Karnataka Sahitya Sammelana

At sahitya sammelana, scholars hark back to the days of Wadiyars, Tipu

Cultural troupes and children performing during the 83rd Akhila Bharata Kannada Sahitya Sammelana procession that began from Mysuru palace premises on Friday.  

Expounding the contributions of Hyder Ali, Tipu Sultan and the Wadiyars in the formation of Karnataka, scholars at the 83rd Akhila Bharata Kannada Sahitya Sammelana analysed the economic and political conditions that shaped the decisions of these personalities.

The consensus was that while Hyder Ali and Tipu Sultan filled the power vacuum that existed in the 18th century and laid the foundation for a modern State, the Wadiyars who came later focussed on art and tradition, paving the way for conservation of culture.

Prithvi Datta Chandra Shobhi, a historian, set the ball rolling by propounding the view that the Mysore kingdom was one of the many regional powers that existed after the decline of the Mughals and was obscure to the world outside with no special claims to distinction. “Yet, within a span of 40 years of the rule of Hyder and Tipu, the British Empire faced twin threats — of the American Revolution and the Mysore kingdom,” he said.

He added that the rise of the princely state to a power that threatened the British Empire by the late 18th century could be attributed to the genius of Hyder and Tipu in harnessing resources and modernising the military.

The 18th century, after the collapse of the Mughals, saw the rise of regional powers where military adventurers such as Hyder and Tipu too had prospects which they harnessed to the fullest. “While the Mysore kingdom expanded, the revenue doubled and this led to the creation of a new administrative mechanism, which in turn paved the way for the formation of a modern State on the foundations of what the British built,” said Mr. Datta.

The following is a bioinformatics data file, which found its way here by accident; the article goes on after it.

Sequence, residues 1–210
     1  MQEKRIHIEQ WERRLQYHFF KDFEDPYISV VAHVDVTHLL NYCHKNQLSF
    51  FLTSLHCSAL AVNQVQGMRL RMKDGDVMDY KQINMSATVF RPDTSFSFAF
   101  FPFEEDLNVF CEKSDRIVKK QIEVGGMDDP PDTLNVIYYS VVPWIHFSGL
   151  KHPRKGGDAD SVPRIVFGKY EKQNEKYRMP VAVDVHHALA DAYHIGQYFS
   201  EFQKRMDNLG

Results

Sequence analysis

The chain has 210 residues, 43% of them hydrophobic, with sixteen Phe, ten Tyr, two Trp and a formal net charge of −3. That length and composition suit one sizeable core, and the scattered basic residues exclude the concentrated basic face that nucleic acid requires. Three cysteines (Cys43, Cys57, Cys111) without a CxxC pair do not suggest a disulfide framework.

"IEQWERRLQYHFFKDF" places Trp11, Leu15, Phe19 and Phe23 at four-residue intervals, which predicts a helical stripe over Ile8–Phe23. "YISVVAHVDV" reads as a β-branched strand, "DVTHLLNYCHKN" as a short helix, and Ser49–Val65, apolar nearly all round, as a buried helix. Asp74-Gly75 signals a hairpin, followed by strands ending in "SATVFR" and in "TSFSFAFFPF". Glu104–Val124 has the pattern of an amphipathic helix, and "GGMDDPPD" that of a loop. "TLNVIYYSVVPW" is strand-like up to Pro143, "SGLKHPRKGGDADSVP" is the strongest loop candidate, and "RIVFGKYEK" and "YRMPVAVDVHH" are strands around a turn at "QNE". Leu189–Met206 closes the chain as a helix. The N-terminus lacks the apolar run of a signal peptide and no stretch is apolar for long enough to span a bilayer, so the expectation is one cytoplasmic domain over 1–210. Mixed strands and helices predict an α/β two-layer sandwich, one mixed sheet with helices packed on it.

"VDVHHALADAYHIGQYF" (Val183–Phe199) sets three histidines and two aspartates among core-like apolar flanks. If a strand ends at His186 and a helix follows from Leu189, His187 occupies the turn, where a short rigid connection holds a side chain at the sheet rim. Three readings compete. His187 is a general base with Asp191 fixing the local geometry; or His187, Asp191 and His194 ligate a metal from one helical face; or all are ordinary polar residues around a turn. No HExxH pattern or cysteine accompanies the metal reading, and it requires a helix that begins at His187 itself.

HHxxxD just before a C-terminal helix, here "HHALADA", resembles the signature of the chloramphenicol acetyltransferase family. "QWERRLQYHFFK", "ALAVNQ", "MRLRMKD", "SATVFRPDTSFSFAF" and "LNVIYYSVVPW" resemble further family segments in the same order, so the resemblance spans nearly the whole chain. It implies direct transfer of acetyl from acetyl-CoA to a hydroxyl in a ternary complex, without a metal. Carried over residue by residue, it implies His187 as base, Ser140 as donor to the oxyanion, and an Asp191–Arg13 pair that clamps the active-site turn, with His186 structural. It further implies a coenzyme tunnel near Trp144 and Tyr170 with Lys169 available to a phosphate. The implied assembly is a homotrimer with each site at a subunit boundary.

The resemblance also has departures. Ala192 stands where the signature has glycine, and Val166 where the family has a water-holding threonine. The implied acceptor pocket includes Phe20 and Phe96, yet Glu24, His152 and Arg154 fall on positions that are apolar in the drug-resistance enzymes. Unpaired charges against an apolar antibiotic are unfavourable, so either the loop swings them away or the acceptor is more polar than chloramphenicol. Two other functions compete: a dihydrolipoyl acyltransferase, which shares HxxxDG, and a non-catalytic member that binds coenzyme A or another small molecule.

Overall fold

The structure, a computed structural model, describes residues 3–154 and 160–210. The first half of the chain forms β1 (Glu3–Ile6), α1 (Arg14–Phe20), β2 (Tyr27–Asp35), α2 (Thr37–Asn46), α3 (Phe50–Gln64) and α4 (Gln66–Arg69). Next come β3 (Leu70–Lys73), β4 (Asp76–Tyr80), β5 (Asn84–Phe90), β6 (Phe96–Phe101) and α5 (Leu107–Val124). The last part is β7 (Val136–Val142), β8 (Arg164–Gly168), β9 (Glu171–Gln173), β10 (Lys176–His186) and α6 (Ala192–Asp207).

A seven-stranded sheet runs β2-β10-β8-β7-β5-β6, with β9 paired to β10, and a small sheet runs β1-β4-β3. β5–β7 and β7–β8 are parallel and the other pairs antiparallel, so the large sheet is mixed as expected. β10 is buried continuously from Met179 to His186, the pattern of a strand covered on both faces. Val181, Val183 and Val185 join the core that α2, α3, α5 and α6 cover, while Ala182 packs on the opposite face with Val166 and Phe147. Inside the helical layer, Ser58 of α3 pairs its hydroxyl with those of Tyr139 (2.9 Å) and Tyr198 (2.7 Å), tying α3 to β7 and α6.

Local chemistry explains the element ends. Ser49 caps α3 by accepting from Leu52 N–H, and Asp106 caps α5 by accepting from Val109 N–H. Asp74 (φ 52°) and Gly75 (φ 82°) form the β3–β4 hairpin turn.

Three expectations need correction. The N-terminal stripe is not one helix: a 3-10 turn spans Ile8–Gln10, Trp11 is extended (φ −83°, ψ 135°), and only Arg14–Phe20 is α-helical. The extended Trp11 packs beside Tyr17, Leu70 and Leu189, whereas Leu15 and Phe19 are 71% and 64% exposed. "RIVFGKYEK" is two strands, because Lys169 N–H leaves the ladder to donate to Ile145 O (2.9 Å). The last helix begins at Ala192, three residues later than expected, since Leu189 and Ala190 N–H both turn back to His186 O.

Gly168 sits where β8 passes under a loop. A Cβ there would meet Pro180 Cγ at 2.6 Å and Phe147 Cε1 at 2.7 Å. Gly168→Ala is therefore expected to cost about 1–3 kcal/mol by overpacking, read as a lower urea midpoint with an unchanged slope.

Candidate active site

While the present debate on the atrocities committed by the rulers cannot be dismissed, the actions should be seen as a fallout of political decisions rather than religious ones, he said.

Preserving tradition

N.S. Taranath spoke on the contributions of the Wadiyars, who by offering patronage to fine arts and literature helped in the preservation of local traditions. He cited the literary works of Mummadi Krishnaraja Wadiyar and his treatise on iconography— Sritattvanidhi — and 50 other works.

Apart from patronising fine arts, the later Wadiyars were instrumental in fanning the wave of educational and administrative reforms that led to the establishment of schools that produced a new generation of educated classes in whom the idea of political freedom was ignited. More than 800 primary schools were established across the Mysore kingdom, besides 50 English-language schools and 30 Sanskrit institutions. Also, an archaeology department was set up by them, the scholar said.

He described Nalwadi Krishnaraja Wadiyar (1902-1940) as the greatest of the kings as he “created the modern Mysore State with stress on education and industrialisation”, which saw the establishment of 393 industrial units providing jobs for nearly 55,000 people. The measures initiated by the Wadiyars, including the formation of a representative assembly, introduction of reservation and enactment of free education, were the forerunners of future political institutions in democratic India, Dr. Taranath added.


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